The diaphragm 3 is fixed to the guard flange 21 and inserted into the internal space defined by the flange 19 on the first housing 1. The diaphragm 3 and the flange 21 are secured inside the flange 19 by projections 20 on the end of the flange 19 which are bent inwardly. The diaphragm 3 divides the internal space into a first chamber 17 and a second chamber 18. The second housing 2 presses the diaphragm 3 to the first housing 1 to provide an airtight seal between the first chamber 17 and the second chamber 18.
Referring now to FIG. 2, three strain gauges 4, 5, 6 and five terminals 7, 8, 9, 10, 11, are formed on the diaphragm 3. These strain gauges 4, 5, 6, and terminals 7, 8, 9, 10, 11, are formed by using a thin film vacuum deposition and etching process.
The diaphragm 3 is effectively divided into two parts by the circle 12. One part is a moveable part 22 of the diaphragm 3 and the other part is a stationary part 23 of the diaphragm 3. In other words, the moveable part 22 of the diaphragm 3 is a dividing part which separates the first chamber 17 from the second chamber 18 and the stationary part 23 of the diaphragm 3 is a securing part which is held between the first housing 1 and the second housing 2. The three strain gauges 4, 5 6, are formed on the moveable part 22, i.e., within the circle 12. The five terminals 7, 8, 9, 10, 11, extend from the outer circumferential portion of the moveable part 22 substantially across the stationary part 23, that is to say, in a radial direction across the circle 12.
The strain gauges 4, 5, 6 and the terminals 7, 8, 9, 10, 11, are electrically and serially connected as set forth hereinafter:
terminal 7--strain gauge 4--terminal 8--strain gauge 6--terminal 9--strain gauge 5--terminal 10--strain gauge 6--terminal 11.
Readout wires 14 are electrically connected by soldering or bonding to the portions of the terminal 7 and 11 located in the stationary part 23 of the diaphragm 3. The readout wires 14 do not prevent the clamping of the diaphragm 3 between the first housing 1 and the second housing 2 since the readout wires are disposed in grooves 15 formed in the guard member 21 of the second housing 2 at the points of connection to the diaphragm 3.
When pressure is applied to the central bore 16 a pressure differential is generated between the first chamber 17 and the second chamber 18 thereby causing a displacement of the central portions 22 of the diaphragm 3.
This displacement of the diaphragm 3 is converted into a change in the electrical resistance of the strain gauges 4, 5, 6. The resistance change of the strain gauges 4, 5, 6, is directly related to the displacement of the diaphragm 3. Therefore upon application of a given voltage to the strain gauges 4, 5, 6, the pressure difference between first chamber 17 and second chamber 18 will be converted into an electrical signal.
The electrical signal is amplified by an amplifier (not shown) which is included in the second housing 2 and then supplied out of the housing through the bottom wall of the second housing 2 by means of conductive wires. This amplifier can easily be exchanged for some other devices such as an A/D converter in order to enable the output signal to be applied to computers.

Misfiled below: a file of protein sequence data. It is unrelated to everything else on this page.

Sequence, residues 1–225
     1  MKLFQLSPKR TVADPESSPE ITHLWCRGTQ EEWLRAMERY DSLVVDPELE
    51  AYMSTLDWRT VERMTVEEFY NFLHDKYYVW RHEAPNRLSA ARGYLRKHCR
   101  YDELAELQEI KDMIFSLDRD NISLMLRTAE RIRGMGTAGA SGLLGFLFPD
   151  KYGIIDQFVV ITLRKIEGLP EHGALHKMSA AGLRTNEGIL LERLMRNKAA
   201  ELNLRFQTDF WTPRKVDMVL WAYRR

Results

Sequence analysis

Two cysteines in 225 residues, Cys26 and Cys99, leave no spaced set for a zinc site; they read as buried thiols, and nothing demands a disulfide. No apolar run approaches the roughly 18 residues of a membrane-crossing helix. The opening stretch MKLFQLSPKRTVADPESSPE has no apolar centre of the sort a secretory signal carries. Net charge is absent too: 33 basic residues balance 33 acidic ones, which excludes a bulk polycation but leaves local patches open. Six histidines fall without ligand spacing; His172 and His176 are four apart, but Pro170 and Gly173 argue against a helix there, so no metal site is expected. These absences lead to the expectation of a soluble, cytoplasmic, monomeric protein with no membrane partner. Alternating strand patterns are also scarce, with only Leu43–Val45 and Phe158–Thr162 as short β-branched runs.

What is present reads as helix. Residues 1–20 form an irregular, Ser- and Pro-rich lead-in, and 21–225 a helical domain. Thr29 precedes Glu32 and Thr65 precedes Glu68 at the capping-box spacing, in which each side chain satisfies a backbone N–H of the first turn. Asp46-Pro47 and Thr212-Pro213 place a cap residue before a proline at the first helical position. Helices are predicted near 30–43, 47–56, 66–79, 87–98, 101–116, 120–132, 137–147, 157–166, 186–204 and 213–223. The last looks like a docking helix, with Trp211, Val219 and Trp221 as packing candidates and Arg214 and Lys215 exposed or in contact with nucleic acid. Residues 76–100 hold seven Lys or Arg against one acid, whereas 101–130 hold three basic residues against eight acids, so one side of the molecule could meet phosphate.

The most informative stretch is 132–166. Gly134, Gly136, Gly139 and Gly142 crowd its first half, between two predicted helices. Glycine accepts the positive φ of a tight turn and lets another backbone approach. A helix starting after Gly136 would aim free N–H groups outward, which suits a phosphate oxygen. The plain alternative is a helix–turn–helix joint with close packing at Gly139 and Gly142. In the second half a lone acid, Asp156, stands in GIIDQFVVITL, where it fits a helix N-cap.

In this invention, since the connections between the terminals 7, 11, and readout wires 14 are located at the stationary part 23 of the diaphragm 3, there is no stress at these connections when the displacement of the diaphragm 3 is generated. Therefore the pressure sensor according to the present invention can detect pressure changes with a high degree of sensitivity.
Further, the terminals 7, 8, 9, 10, 11, are not apt to separate from the diaphragm 3 since there are no stresses at the connections between the terminals 7, 11, and readout wires 14. Thus, the pressure sensor according to this embodiment can provide a pressure sensor with a long life.
While the invention has been particularly shown and described with reference to preferred embodiments thereof it will be understood by those in the art that the foregoing and other changes in form and details may be made therein without departing from the spirit and scope of the invention.
|Cited Patent||Filing date||Publication date||Applicant||Title|
|US3808480 *||Apr 16, 1973||Apr 30, 1974||Bunker Ramo||Capacitive pressure transducer|
|US4411158 *||Apr 14, 1981||Oct 25, 1983||Ametek, Inc.||Apparatus for sensing the condition of a fluid|
|JPS5522125A *||Title not available|
|Citing Patent||Filing date||Publication date||Applicant||Title|
|US5031462 *||May 8, 1989||Jul 16, 1991||Honeywell Inc.||Snap-fit construction low cost pressure sensing device|
|US5184107 *||Jan 24, 1992||Feb 2, 1993||Honeywell, Inc.||Piezoresistive pressure transducer with a conductive elastomeric seal|
|US5281782 *||Apr 28, 1992||Jan 25, 1994||Campbell Hausfeld||Diaphragm pressure switch|
|US5303593 *||Dec 13, 1991||Apr 19, 1994||Maclean-Fogg Company||Strain gauge distribution for resistive strain gauge pressure sensor|
|US5317921 *||May 5, 1992||Jun 7, 1994||Maclean Fogg Company||Resistive strain gauge pressure sensor|
|US5349867 *||Jun 3, 1993||Sep 27, 1994||Kavlico Corporation||Sensitive resistive pressure transducer|
|US5356176 *||May 25, 1993||Oct 18, 1994||Trw Technar Inc.||Vehicle occupant restraint apparatus|
|US5386730 *||Jun 23, 1993||Feb 7, 1995||Nippondenso Co., Ltd.||Pressure sensor having a sealed water-resistant construction|
|EP0497534A2 *||Jan 27, 1992||Aug 5, 1992||Honeywell Inc.||Piezoresistive pressure transducer with a conductive elastomeric seal|
|U.S. Classification||73/726, 73/756, 73/720, 338/4|
|International Classification||G01L9/04, G01L9/00|
|Jun 28, 1988||AS||Assignment|
Owner name: AISIN SEIKI KABUSHIKI KAISHA, 1, ASAHI-MACHI 2-CHO
Free format text: ASSIGNMENT OF ASSIGNORS INTEREST.;ASSIGNORS:NAKAGAWA, KATSUMI;NAKANE, TAKESHI;REEL/FRAME:004907/0927
Effective date: 19870305
Owner name: AISIN SEIKI KABUSHIKI KAISHA,JAPAN
Free format text: ASSIGNMENT OF ASSIGNORS INTEREST;ASSIGNORS:NAKAGAWA, KATSUMI;NAKANE, TAKESHI;REEL/FRAME:004907/0927
Effective date: 19870305
|Feb 28, 1992||FPAY||Fee payment|
Year of fee payment: 4
|Apr 23, 1996||REMI||Maintenance fee reminder mailed|
|Sep 15, 1996||LAPS||Lapse for failure to pay maintenance fees|
|Nov 26, 1996||FP||Expired due to failure to pay maintenance fee|
Effective date: 19960918